Chile's Pinera stokes abortion row over rape victim

Sebastian Pinera at the National Press Club in Washington, 4 June Sebastian Pinera supports Chile's outright ban on abortion

Related Stories

Chilean President Sebastian Pinera has praised as "brave and mature" a pregnant 11-year-old rape victim who said she was happy to have the child.

The girl said during a TV interview the child would be "like having a doll".

Experts criticised Mr Pinera's comments as having no scientific foundation.

Mr Pinera supports Chile's abortion laws, which outlaw the practice in all circumstances. His critics want it legalised in cases of rape, and want the girl to be allowed an abortion.

The 11-year-old girl appeared in a TV interview on Monday, saying: "I'm going to love the baby very much, even though it comes from that man who hurt me.

"It will be like having a doll in my arms."

The girl was raped repeatedly over a two-year period by her mother's boyfriend, who has since been arrested.

Mr Pinera said he had asked the health minister to personally look after the girl's health.

"She surprised us all with words showing depth and maturity when she said that, despite the pain caused by the man who raped her, she wanted to have and take care of her baby," he said.

Forensic psychologist Giorgio Agostini said the girl would not have the mental or emotional capacity to understand her situation.

Latin America's abortion laws

  • Outright ban in El Salvador, the Dominican Republic, Nicaragua, Chile, Honduras, Haiti, Suriname
  • Cuba, Guyana, Puerto Rico and Uruguay have most liberal laws
  • Brazil's senate is currently debating legalisation of terminations during the first 12 weeks
  • More than 4 million abortions carried out each year
  • Between 1995-2008 some 95% were considered to be unsafe

Sources: World Health Organization, Guttmacher Institute

"What the president is saying doesn't get close to the psychological truth of an 11-year-old-girl," he told the Associated Press news agency.

"It's a subjective view that is not based on any scientific reasoning."

The girl's case has already sparked a public debate about abortion.

Campaigners argue that the laws, which date back to the authoritarian rule of Gen Augusto Pinochet, should be changed to allow for abortions in cases of rape or when the mother's health is at risk.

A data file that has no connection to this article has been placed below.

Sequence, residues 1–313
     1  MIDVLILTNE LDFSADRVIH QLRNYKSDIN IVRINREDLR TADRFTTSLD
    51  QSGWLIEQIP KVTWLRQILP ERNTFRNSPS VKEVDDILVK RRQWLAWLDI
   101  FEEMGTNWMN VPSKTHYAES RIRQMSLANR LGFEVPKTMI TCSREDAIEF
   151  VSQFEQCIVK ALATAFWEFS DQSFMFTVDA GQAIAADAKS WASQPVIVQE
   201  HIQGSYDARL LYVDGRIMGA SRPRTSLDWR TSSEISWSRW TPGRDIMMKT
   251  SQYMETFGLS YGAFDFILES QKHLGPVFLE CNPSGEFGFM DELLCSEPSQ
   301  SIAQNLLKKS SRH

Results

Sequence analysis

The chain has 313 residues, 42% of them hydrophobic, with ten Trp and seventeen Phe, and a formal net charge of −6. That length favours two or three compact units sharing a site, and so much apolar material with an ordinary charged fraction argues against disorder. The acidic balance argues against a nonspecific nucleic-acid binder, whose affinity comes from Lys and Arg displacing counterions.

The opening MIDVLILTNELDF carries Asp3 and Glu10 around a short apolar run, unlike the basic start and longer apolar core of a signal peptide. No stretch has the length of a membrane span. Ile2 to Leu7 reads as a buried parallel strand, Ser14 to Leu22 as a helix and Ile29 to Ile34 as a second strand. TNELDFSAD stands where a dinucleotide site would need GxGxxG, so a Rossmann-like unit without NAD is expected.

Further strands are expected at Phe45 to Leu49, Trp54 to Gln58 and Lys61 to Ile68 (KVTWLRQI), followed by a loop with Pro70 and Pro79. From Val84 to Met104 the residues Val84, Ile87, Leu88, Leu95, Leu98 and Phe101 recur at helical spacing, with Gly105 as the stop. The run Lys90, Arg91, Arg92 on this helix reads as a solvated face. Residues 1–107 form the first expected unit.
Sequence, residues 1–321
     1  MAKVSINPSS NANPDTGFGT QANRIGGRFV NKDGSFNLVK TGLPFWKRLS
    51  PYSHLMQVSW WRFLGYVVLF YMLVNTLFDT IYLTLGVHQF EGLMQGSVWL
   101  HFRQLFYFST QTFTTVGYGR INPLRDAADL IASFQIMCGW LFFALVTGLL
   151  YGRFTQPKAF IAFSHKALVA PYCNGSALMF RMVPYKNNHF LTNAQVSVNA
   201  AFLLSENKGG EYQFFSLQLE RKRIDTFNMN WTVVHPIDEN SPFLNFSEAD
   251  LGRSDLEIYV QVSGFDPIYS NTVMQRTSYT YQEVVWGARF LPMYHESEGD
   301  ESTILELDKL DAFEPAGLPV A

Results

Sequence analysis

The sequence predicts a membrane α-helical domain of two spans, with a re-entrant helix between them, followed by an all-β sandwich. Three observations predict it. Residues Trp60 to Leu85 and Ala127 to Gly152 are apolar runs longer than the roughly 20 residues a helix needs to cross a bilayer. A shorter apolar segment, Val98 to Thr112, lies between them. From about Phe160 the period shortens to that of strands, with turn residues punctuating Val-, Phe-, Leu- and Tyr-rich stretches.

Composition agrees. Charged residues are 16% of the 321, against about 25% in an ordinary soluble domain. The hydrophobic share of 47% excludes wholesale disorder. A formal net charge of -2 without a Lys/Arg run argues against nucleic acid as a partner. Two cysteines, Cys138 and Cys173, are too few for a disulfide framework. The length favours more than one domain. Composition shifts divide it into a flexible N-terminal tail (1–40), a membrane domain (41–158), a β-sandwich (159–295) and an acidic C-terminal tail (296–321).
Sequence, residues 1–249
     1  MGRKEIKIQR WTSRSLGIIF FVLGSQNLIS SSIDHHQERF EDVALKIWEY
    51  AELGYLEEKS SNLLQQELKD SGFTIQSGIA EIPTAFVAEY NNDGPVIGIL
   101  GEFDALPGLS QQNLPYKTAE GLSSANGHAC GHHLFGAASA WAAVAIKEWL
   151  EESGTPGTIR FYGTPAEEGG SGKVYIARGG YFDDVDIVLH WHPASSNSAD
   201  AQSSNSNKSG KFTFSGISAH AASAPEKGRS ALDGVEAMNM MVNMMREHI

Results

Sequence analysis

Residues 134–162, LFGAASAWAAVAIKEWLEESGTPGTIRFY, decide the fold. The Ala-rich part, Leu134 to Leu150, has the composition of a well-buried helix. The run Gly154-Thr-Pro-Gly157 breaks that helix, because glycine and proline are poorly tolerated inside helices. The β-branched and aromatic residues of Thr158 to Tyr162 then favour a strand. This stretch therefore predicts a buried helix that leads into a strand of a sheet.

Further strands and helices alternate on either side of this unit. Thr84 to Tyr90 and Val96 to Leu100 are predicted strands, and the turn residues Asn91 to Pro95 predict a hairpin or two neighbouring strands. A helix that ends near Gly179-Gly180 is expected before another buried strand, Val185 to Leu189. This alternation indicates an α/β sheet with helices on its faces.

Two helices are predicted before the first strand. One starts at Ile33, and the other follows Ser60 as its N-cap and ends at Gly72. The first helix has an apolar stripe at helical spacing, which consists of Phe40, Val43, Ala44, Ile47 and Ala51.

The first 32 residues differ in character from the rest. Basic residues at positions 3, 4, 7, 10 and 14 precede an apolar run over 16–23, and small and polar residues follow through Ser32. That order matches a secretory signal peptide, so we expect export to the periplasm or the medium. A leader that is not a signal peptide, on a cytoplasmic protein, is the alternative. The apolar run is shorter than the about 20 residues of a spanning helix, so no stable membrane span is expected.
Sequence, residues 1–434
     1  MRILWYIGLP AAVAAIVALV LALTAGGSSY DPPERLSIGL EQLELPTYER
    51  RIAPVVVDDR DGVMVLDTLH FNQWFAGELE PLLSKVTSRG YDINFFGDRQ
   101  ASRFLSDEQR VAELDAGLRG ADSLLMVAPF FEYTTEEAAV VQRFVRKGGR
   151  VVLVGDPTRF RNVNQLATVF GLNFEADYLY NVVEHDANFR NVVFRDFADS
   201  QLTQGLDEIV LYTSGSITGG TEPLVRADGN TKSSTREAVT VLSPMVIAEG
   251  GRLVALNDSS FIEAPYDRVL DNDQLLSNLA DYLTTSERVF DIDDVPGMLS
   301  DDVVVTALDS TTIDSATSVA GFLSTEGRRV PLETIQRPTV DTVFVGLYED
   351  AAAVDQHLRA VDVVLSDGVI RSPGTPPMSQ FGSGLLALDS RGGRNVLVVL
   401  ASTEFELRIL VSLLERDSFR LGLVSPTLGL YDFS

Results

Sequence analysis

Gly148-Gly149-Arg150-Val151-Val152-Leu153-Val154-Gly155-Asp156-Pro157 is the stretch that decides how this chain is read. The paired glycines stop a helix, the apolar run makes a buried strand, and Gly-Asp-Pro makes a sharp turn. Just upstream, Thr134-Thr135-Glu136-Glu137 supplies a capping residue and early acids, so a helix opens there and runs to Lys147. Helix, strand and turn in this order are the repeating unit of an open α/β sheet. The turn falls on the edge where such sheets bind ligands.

Michelle Bachelet, the likely presidential candidate next year for the left-leaning opposition, supports the campaign.

Ms Bachelet earlier commented that the 11-year-old girl need to be protected.

"I think a therapeutic abortion, in this case because of rape, would be in order," she said.

Chile is one of seven Latin American countries where abortion is completely banned.

Last month, the case of a seriously ill woman in El Salvador made international headlines when the courts upheld the ban on abortion even though the woman's life was at risk and the foetus was unlikely to survive.

She was eventually allowed to have a caesarean section.

More on This Story

Related Stories

More Latin America & Caribbean stories

RSS

Features & Analysis

Elsewhere on the BBC

  • OrchestraSound of success

    How one of Turkey’s finest orchestras found global fame

Programmes

  • Ebola patients in Sierra LeoneHARDtalk Watch

    Dr Geraldine O'Hara recalls the horrors of working on the Ebola frontline in Sierra Leone

BBC © 2014 The BBC is not responsible for the content of external sites. Read more.

This page is best viewed in an up-to-date web browser with style sheets (CSS) enabled. While you will be able to view the content of this page in your current browser, you will not be able to get the full visual experience. Please consider upgrading your browser software or enabling style sheets (CSS) if you are able to do so.